The only thing I’m disappointed about- really disappointed- is that I shied away from introducing myself properly to people in the barns. I was intimidated. I knew better than to be, but still I was. I needed someone to throw me an invitation; drop a rope down to the side of my lifeboat and shout through cupped hands that I could climb aboard this massive ship that sailed in out of the night. So instead I circle around the stalls like a hawk looking for somewhere to land, and smile gently at my uncertainty. Instead I make friends with a the evening’s MC, Rosa, who wants to connect all these Spanish horses with Hollywood, and a country singer who performs from the back of a borrowed horse during the middle of the extravaganza, and the event photographer whose warm and open advances I decide to not accept, and the staff of a Chicago therapeutic riding centre (my table neighbours) who would have driven Rupert insane. All of these possible worlds.


There is a young girl who comes to my booth again and again, who wants to ride more than anything. She asks me how much it costs to buy a horse and how much it costs to keep one. Her face falls when I tell her.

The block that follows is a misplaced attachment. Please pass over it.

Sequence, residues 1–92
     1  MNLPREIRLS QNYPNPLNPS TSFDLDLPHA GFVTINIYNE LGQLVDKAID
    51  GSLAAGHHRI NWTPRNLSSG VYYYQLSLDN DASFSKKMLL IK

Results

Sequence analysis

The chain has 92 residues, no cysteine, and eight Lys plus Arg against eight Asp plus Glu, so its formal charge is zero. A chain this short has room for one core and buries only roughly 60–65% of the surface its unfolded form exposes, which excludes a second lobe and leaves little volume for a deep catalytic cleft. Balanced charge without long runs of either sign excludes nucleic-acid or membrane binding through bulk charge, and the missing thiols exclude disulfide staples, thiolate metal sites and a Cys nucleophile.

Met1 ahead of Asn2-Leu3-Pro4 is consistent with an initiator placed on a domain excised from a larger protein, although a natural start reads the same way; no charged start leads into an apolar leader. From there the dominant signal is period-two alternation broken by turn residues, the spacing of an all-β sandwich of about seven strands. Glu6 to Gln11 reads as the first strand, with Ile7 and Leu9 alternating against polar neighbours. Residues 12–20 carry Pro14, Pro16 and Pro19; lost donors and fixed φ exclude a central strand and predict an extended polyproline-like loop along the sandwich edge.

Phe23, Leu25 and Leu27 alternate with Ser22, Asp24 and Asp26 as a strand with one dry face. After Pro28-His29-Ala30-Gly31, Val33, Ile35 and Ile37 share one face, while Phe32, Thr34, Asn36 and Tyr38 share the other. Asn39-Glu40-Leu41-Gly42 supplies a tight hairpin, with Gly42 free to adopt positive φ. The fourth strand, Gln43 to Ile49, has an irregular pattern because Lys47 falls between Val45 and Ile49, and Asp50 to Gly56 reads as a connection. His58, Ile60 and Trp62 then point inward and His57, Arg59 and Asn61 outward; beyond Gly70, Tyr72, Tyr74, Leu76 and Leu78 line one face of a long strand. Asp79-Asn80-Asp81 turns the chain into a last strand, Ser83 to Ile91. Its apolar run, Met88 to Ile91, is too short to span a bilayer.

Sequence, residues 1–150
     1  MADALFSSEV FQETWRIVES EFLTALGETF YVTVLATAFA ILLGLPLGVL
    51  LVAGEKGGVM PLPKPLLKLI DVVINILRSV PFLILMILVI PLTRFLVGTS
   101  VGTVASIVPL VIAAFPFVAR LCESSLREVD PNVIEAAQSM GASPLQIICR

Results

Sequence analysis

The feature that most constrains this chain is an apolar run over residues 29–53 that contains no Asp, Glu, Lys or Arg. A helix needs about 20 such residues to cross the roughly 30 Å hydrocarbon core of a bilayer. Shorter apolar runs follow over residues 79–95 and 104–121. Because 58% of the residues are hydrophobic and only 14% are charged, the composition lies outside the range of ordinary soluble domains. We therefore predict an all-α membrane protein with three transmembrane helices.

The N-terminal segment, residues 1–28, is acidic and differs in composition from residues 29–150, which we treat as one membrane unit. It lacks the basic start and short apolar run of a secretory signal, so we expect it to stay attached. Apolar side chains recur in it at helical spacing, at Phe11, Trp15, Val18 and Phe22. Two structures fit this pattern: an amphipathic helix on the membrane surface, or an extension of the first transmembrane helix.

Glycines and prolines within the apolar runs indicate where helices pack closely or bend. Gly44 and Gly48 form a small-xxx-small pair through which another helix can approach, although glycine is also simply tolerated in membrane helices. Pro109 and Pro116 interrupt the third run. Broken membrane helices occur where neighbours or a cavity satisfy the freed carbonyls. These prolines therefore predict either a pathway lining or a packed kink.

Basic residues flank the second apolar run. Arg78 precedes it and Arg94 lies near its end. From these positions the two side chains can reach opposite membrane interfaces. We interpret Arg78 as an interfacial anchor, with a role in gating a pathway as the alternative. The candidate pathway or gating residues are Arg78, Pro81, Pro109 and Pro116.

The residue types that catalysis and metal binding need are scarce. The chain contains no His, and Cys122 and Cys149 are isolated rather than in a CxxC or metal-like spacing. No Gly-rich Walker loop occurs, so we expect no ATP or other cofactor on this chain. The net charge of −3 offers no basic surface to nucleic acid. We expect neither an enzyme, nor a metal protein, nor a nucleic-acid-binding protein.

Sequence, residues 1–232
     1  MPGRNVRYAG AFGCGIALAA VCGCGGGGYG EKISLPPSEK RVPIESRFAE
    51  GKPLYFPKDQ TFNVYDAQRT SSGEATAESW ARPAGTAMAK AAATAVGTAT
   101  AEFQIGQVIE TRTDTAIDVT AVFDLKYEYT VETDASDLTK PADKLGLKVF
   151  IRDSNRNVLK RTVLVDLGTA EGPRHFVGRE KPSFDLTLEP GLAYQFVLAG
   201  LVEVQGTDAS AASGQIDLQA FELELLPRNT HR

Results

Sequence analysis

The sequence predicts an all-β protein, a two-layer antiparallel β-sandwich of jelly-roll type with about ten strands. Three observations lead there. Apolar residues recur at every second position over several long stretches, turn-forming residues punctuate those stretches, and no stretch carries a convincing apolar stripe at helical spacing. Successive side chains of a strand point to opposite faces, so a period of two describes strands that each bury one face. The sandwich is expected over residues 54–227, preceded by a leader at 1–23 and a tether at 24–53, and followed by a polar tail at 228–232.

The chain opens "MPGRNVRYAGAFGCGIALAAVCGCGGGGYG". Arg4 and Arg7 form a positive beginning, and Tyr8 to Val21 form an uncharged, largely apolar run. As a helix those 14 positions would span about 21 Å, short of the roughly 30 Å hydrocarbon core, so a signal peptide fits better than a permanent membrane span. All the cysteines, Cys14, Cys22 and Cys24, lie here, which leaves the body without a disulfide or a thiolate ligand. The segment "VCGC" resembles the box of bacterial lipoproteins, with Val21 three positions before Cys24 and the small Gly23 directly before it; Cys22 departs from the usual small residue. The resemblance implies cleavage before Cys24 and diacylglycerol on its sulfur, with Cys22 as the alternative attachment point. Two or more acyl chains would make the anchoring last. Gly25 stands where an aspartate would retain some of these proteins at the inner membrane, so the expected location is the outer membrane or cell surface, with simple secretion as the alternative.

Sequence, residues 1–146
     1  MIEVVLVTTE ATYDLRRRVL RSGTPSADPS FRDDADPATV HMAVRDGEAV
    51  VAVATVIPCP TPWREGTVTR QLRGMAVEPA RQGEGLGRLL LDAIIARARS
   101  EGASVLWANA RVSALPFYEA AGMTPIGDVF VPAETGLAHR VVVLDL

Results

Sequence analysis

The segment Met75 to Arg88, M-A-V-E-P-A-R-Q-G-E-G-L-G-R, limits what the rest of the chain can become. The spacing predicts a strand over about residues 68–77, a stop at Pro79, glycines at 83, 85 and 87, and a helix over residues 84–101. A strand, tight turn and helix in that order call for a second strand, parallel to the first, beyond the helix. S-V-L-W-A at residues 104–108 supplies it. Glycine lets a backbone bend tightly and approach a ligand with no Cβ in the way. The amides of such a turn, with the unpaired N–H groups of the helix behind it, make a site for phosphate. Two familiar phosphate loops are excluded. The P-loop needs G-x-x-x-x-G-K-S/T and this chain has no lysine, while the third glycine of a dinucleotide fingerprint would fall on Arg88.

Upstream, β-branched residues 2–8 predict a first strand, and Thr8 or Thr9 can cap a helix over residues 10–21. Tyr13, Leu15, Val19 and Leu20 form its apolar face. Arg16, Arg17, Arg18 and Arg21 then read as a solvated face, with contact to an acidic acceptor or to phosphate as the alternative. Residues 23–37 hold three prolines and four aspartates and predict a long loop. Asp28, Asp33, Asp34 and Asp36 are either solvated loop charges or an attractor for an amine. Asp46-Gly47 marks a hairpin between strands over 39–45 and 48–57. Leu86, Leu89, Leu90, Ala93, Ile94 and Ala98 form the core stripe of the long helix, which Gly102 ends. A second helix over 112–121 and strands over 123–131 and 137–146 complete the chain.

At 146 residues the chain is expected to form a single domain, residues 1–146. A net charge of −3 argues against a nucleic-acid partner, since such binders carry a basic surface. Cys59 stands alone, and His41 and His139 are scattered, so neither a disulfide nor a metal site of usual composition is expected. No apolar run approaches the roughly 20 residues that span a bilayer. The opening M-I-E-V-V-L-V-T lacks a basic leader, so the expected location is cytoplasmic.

Let me tell you something very important though.” I come around from behind the table, as if I’m about to tell her a secret. “When you are 12, you will be old enough to convince your mom to let you clean a few stalls in exchange for lessons. And that will be your ticket into that world.” Her face lights up. “That’s how I got started.” I tell her. “And it’s taken me all over the world…”


And another mom, an autism mom, whose daughter is at the table with her, who I try to include in our conversation because I don’t like the way her mom is talking as if she’s not there. She’s worried because her daughter’s obsessed with horses and won’t leave them alone; should she distract her with something else? “Don’t shut her down. Don’t close that door.” I say to her. “This is how she is telling you who she is. Let her fascination grow into a career. That’s how she’ll find her place in the world.” And the mom starts crying, right there, and there is something in the way that it happens that gives her her dreams back too, though neither of us notice; it’s too subtle of a moment, and she apologizes for crying, and I tell her not to, and then I give her a hug, and take her daughter over to the ‘Walk On’ table next to mine and help her pick out a plastic horse from their bowl of free plastic horses, little brown and black and grey plastic horses that in themselves are completely insignificant, but these kids I’ve met today are also myself and I’ve just been able to give them a tiny gift, just as I was given so many tiny gifts by so many strangers; tiny gifts that I gathered and followed and lost and had taken away and fussed over and chewed on and then found again, all of these tiny crumbs that I ate and chewed and digested until eventually, eventually, they became this life.